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Unintentional disengagement is a factor in the failure of a final exam in a moderate-structure cell biology course
  • ijsbrand kramer,
  • frédérique Pellerin,
  • Jean-Luc Bergey
ijsbrand kramer
University of Bordeaux

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frédérique Pellerin
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Jean-Luc Bergey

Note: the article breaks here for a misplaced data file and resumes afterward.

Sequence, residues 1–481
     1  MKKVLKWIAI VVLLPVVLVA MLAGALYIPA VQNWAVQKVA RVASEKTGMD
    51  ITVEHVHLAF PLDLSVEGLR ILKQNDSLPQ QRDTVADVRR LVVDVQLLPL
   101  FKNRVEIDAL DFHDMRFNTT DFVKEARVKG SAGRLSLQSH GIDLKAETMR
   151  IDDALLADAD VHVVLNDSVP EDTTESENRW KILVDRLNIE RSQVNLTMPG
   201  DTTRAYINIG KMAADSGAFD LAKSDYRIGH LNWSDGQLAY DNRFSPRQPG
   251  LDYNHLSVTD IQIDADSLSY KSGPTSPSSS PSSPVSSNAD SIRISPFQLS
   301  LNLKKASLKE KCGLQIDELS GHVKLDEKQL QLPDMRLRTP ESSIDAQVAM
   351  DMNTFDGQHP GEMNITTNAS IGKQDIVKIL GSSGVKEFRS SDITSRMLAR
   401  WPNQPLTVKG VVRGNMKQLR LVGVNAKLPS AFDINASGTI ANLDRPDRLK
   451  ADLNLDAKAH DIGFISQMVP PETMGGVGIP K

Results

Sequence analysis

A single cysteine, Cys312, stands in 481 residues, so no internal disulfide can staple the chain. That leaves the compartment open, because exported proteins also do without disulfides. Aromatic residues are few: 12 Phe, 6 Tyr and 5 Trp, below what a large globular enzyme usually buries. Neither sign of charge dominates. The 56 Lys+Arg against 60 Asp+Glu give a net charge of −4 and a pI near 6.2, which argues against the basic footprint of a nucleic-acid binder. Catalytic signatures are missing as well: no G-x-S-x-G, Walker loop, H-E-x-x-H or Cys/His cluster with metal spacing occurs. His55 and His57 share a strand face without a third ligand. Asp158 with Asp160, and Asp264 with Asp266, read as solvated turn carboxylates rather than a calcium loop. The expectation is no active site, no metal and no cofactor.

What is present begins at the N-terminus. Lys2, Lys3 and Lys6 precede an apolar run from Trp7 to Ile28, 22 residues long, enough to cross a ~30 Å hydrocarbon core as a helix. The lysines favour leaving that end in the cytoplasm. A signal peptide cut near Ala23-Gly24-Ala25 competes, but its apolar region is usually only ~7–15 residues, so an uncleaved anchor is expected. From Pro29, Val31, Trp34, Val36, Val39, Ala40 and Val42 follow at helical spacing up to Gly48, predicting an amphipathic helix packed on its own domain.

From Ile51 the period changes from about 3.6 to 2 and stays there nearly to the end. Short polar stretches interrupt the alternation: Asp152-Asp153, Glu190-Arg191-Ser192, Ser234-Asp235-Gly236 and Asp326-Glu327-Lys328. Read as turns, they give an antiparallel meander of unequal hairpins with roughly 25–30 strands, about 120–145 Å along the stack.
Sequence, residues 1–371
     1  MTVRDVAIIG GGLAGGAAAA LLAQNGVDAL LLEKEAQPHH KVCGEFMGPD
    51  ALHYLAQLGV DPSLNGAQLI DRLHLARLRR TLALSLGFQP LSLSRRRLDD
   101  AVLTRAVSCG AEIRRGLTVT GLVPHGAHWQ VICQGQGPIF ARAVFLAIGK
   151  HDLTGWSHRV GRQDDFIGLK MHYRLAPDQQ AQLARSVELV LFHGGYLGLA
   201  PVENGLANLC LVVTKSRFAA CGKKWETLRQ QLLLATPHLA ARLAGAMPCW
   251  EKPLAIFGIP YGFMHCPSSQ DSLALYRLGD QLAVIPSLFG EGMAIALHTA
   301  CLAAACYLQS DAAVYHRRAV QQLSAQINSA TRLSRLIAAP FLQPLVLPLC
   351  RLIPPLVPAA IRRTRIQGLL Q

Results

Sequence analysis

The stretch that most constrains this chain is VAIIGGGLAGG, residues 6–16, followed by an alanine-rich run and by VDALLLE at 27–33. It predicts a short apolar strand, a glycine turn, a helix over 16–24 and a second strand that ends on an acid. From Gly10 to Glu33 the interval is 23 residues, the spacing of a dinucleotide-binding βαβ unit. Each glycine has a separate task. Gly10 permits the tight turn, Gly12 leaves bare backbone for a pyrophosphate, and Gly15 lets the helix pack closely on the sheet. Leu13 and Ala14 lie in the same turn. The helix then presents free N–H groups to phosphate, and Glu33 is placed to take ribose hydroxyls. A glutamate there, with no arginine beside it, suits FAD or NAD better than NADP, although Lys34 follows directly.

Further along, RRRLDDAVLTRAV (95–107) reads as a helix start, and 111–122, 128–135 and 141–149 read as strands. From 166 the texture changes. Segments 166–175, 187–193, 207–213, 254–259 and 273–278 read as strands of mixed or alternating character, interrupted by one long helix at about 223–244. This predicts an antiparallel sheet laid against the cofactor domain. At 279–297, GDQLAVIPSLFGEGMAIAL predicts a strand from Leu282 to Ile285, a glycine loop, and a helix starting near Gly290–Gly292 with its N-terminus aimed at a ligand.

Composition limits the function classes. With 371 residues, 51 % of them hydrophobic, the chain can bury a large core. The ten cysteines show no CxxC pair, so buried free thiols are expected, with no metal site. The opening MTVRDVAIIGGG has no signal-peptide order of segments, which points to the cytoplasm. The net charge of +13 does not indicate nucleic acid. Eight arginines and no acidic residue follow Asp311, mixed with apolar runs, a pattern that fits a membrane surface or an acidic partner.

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This study is situated in the problem of student retention in a first-year science course at a large, open-enrollment university. The study examines student performance in a moderate-structure cell biology course characterized by group classroom activities, frequent knowledge quizzes, a mid-semester exam, and a moderate impact final exam. The design is learning-oriented with a gradual transition from an external, instructor-based arrangement, to an internal, student-based arrangement. Although, consistent with numerous reports, we observe much better overall student performance in this course format, the improvement is largely due to scores on the quizzes and mid-semester exam, with little improvement on the end-of-semester final exam. Using self-reports, scores, and learning analytics from a population of 462 students, we sought to understand what factors contributed to this phenomenon. We found that despite good intentions, an awareness of essential cognitive skills, and an a priori appreciation of the subject matter, about a quarter of the students dramatically reduced their viewing of web-based learning materials in the period leading up to the final exam. This group scored well below average. We conclude that unintentional disengagement is a factor in failing the final exam.